This is the final progress report for this project which has been replace by project 6044-42000-011-00D, "Integrated Management of Fungal Pathogens in Peanut to Reduce Mycotoxin Contamination and Yield Losses." Aspergillus (A.) flavus and A. parasiticus that are responsible for aflatoxin contamination of agricultural commodities, were crossed to obtain rare hybrid progeny, which showed extensive recombination throughout the genome. Some of the progeny exhibited enhanced aflatoxin production as well as unique mycotoxin profiles. The research was published. The genetic stability of non-toxigenic strains of A. flavus used in biological control of aflatoxins was examined. Biocontrol strains were crossed with aflatoxin-producing strains. Non-toxigenic strains had the potential to mate with aflatoxin-producing strains, but did not pose a risk for creating high aflatoxin-producing strains. The research was published. In the drought experiments with corn, A. flavus sclerotia were detected in 0.6% of corn ears with no evidence of sexual reproduction, while under laboratory conditions sexual reproduction occurred in up to 6.1% of the sclerotia. For sexual reproduction to occur in the field, A. flavus sclerotia require an additional incubation period on soil. The research was published. Six new phytoalexins were isolated from fungus-challenged seeds of a peanut cultivar that is highly resistant to microbial and nematode infection. The structures of the new compounds were elucidated, and the compounds were investigated for antifungal and antibacterial properties. The results were published. Enzymatic degradation of major phytoalexins was studied systematically. Elucidation of the phytoalexin detoxification system involved in infection of peanut by Aspergillus species (spp.) could provide strategies for preventing plant invasion by the fungi that produce aflatoxins. Two manuscripts were published. Aspergillus showed reduction in aflatoxin accumulation in presence of peanut phytoalexins. For three of those phytoalexins we studied their effect on spore germination, hyphal growth, and transcriptomes. A manuscript is in preparation. In collaboration with other projects, we developed a workflow of populations of Aspergillus in peanuts in different geographic areas; aflatoxin production of several hundreds of isolates was determined for the phenotypic and genotypic characterization of isolates from Georgia and Ethiopia. A manuscript will be published. After the term date of the reporting project, significant progress by a newly appointed ARS Research geneticist was made within a new project: “Integrated Management of Fungal Pathogens in Peanut to Reduce Mycotoxin Contamination and Yield Losses”. Diploid Arachis germplasm collections were mined for resistance to various pathogens; 400 prospective wild germplasm and introgression lines were selected; 250 accessions were grown at research farms (800 plots) and evaluated for resistance to peanut late leaf spot and Tomato Spotted Wilt Virus diseases; 30 accessions were evaluated for resistance to A. flavus and aflatoxin accumulation; 380 Simple Sequence Repeat and Insertion/Deletion markers were developed and used for fingerprinting 18 wild Arachis accessions. We also developed an original workflow that allows for simultaneous determination of single seed viability, genotype, and quantitative phytoalexin and aflatoxin accumulation profiles. The method allowed for the study of genotypic/phenotypic characteristics of wild peanut species and their crosses with cultivars.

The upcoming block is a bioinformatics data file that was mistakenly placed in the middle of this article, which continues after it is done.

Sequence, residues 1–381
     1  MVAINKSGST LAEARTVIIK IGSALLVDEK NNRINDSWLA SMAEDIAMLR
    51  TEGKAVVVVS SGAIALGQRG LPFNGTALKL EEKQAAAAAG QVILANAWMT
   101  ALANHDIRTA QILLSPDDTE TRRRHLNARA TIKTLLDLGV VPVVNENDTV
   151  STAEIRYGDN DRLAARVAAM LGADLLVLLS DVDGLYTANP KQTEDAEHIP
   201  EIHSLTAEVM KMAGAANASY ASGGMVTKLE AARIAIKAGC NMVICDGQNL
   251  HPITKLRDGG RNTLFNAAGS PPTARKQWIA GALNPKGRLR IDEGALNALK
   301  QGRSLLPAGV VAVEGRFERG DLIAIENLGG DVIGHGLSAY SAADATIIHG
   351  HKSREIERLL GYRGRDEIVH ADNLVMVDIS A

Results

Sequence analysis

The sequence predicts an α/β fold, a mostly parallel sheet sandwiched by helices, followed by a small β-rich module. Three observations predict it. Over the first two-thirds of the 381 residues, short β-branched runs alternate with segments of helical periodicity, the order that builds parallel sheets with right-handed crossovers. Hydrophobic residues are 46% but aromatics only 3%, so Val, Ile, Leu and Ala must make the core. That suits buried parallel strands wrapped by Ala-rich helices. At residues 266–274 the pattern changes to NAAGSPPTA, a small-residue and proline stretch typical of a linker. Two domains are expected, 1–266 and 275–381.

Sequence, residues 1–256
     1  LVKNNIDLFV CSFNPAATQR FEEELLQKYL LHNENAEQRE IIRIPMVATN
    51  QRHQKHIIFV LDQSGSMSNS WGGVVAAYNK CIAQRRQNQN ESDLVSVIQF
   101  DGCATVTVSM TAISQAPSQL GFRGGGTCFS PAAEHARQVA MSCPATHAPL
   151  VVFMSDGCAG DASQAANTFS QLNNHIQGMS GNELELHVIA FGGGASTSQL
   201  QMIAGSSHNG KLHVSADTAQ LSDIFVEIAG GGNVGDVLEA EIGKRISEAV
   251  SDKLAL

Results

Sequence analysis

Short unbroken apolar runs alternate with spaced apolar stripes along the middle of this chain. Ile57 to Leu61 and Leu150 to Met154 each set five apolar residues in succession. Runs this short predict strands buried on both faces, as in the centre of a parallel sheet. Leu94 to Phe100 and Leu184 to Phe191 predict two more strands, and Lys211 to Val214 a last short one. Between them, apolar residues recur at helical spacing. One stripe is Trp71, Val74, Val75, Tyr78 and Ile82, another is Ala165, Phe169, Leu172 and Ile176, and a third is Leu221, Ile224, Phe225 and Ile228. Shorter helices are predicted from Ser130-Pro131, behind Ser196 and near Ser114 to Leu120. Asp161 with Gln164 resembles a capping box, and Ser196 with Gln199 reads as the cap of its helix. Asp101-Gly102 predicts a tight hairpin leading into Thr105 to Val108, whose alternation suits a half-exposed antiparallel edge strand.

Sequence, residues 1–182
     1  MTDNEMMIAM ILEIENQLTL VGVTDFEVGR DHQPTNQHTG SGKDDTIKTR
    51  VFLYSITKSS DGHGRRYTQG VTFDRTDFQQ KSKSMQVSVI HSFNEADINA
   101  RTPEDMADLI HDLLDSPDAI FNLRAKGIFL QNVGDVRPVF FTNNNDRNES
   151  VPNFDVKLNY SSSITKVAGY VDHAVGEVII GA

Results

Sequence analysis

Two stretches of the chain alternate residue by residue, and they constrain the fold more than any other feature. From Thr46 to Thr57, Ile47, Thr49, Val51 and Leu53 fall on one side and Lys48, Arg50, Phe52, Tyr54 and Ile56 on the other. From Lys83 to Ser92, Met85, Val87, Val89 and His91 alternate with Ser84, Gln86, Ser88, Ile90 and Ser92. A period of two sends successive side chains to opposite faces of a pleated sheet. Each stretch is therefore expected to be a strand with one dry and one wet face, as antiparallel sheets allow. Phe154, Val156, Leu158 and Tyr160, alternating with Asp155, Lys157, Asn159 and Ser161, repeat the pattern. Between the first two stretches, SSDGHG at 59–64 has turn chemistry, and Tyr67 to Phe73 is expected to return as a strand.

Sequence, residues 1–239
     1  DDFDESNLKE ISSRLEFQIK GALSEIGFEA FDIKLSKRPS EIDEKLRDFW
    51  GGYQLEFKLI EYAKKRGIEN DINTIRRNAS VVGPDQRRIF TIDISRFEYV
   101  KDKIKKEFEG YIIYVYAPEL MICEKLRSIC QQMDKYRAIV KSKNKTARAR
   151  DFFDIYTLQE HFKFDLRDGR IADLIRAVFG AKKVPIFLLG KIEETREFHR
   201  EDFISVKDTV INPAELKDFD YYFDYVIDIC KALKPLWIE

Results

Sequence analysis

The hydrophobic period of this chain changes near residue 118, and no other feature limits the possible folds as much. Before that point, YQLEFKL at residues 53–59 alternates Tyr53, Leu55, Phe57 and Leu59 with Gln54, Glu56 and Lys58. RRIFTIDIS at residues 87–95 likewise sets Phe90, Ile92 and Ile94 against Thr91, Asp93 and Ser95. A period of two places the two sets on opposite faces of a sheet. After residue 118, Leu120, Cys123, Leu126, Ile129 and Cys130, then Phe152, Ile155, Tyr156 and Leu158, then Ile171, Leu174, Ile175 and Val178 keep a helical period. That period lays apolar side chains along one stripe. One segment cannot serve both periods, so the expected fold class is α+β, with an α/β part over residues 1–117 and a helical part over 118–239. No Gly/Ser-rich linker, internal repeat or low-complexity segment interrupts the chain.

Accomplishments
1. Development of a method for screening of aflatoxin resistant peanuts. The method for fast screening (one week) of aflatoxin resistance in peanuts developed by ARS researchers in Dawson, Georgia, is being adopted by the peanut community around the world as a method of choice to determine the effectiveness of Ribonucleic Acid Interference (RNAi) mediated control of aflatoxins. We are also using this method to screen wild species of peanut in the search for aflatoxin resistance genes.

2. Discovery of aflatoxin accumulation suppression in Aspergillus species by peanut phytoalexins. Prenylated peanut stilbenoids (phytoalexins) are capable of suppressing aflatoxin production in toxigenic Aspergillus species. Peanuts accumulate numerous defensive phytoalexins in response to the presence of pathogens. ARS researchers in Dawson, Georgia, demonstrated in vivo experiments that different peanut stilbenoid phytoalexins are capable of completely blocking or significantly reducing aflatoxin production by important toxigenic Aspergillus Species (spp). This discovery led to new genetic approaches to control aflatoxin production in toxigenic fungi.


Review Publications
Clevenger, J., Marasigan, K., Liakos, B., Sobolev, V., Vellidis, G., Holbrook, C.C., Ozias-Akins, P. 2016. RNA sequencing of contaminated seeds reveals the state of the seed permissive for pre-harvest aflatoxin contamination and points to a potential susceptibility factor. Toxins. 8:317. https://doi.org/10.3390/toxins8110317.
Lamb, M.C., Sorensen, R.B., Butts, C.L., Nuti, R., Davis, J.P., Dang, P.M., Arias De Ares, R.S., Sobolev, V. 2017. Chemical interruption of flowering to improve harvested peanut maturity. Peanut Science. 44(1):60-65.
Power, I.L., Dang, P.M., Sobolev, V., Orner, V.A., Powell Jr, J.L., Lamb, M.C., Arias De Ares, R.S. 2017. Characterization of small RNA populations in non-transgenic and aflatoxin-reducing-transformed peanut. Plant Science. 257:106-125. doi:10.1016/j.plantsci.2016.12.013.